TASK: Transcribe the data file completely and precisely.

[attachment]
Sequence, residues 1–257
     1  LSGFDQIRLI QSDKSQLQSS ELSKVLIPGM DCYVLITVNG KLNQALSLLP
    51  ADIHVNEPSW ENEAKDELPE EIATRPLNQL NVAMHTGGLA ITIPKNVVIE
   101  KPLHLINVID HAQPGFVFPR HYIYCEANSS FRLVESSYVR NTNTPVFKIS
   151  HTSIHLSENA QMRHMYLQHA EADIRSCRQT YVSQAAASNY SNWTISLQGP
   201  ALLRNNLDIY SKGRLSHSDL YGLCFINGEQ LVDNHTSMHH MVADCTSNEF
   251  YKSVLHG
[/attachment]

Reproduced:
Sequence, residues 1–257
     1  LSGFDQIRLI QSDKSQLQSS ELSKVLIPGM DCYVLITVNG KLNQALSLLP
    51  ADIHVNEPSW ENEAKDELPE EIATRPLNQL NVAMHTGGLA ITIPKNVVIE
   101  KPLHLINVID HAQPGFVFPR HYIYCEANSS FRLVESSYVR NTNTPVFKIS
   151  HTSIHLSENA QMRHMYLQHA EADIRSCRQT YVSQAAASNY SNWTISLQGP
   201  ALLRNNLDIY SKGRLSHSDL YGLCFINGEQ LVDNHTSMHH MVADCTSNEF
   251  YKSVLHG